Reasonable Suspicion

Reasonable Suspicion — not so fast. . .

Ramirez-Tamayo v. State, No. 07-15-00419-CR (Tex. App.—Amarillo Oct. 5, 2016) (pet. granted, No. PD-1300-16).

Be careful with this case! State’s PDR has been granted.

The court held the officer had no reasonable suspicion to prolong detention after stopping Ramirez-Tamayo for going 78 in a 75mph zone on I-40 but telling him he was going to let him off with a warning. The court summed up the various factors supporting the officer’s RS as follows: “Smoking in a car while driving [a rental car] despite the presence of “no smoking” stickers, wearing cologne, driving a rental car, driving with windows rolled up, opening a car door, not rolling down a car window, travelling to casinos, and driving to Miami, Florida are activities committed by people who have no relationship to criminal activity.” The court went a long way to say that many behaviors that have previously qualified as RS are the very same as those by completely innocent folk: riding in a car with meal wrappers, driving a clean car, looking at an officer, looking away from an officer.

Okay, REVERSE, no RS, moving on.

Practical Implications:

First, the SPA has filed a PDR, which really doesn’t matter to me. I include this case on the blog only as a good start if you need to brainstorm your arguments against RS. Ask yourself: is the officer’s particular observation simply an opinion or conclusion? How does his training and experience support the conclusion that a guy smoking with the windows up merits continued detention?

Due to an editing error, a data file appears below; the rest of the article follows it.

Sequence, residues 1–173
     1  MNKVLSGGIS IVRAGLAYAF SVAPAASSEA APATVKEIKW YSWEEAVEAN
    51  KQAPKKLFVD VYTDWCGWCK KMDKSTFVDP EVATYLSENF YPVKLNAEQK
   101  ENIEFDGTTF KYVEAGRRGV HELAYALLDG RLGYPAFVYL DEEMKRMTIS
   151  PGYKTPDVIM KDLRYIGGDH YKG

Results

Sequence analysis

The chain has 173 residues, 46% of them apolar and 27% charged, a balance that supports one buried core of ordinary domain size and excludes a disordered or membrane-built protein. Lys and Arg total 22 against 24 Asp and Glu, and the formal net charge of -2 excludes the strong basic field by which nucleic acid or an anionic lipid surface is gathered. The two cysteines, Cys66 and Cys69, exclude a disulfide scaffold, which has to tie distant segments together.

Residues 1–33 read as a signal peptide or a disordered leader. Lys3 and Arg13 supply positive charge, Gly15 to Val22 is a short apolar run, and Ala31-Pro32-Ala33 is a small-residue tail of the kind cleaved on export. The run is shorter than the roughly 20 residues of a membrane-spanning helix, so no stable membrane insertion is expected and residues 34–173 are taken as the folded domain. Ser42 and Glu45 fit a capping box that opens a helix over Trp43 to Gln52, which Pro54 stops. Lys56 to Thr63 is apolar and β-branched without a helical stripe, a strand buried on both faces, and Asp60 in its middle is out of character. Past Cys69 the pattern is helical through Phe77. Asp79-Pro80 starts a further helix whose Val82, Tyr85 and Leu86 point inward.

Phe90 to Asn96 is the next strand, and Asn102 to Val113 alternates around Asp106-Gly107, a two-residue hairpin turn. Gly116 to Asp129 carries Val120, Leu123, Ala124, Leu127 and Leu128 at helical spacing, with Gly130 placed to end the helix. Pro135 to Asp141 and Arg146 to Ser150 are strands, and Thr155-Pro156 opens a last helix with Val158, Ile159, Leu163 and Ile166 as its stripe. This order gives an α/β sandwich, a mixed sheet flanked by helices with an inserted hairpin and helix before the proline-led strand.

If you are practicing in a place where the prosecutors can read and conform their behavior to case law, BE CAREFUL citing this case! The court repeatedly castigated the trial prosecutor here for not asking the officer sufficient questions to amplify his basis for concluding the various factors supported RS. By citing this case in a motion, you might just be inviting the state to study up on just how to win your MTS.

The court said, “what elevates [unusual behavior] to the level of reasonable suspicion is not that it fits a profile but that it is unusual and the officer can explain why it is suspicious in the particular scenario before him. “ (quoting Veal v. State, 28 S.W.3d 832, 837 (Tex. App.—Beaumont 2000 pet. ref’d). They were exhaustive in analyzing just why the twelve traits the officer (incorrectly) said merited further detention, and it should help form your arguments against RS. Hint: there’s no way to compress this part of the opinion (sorry).

Finally, in note 3, the court threw some major shade at any Memphis High Cyclones out there, suggesting that wearing one of their caps might alone support RS, while wearing a Wellington Skyrockets cap would not. Gotta love it!

Author: txcriminalappeals

Appellate lawyer in Rockwall and Dallas Counties focusing on criminal cases and now accepting civil appeals.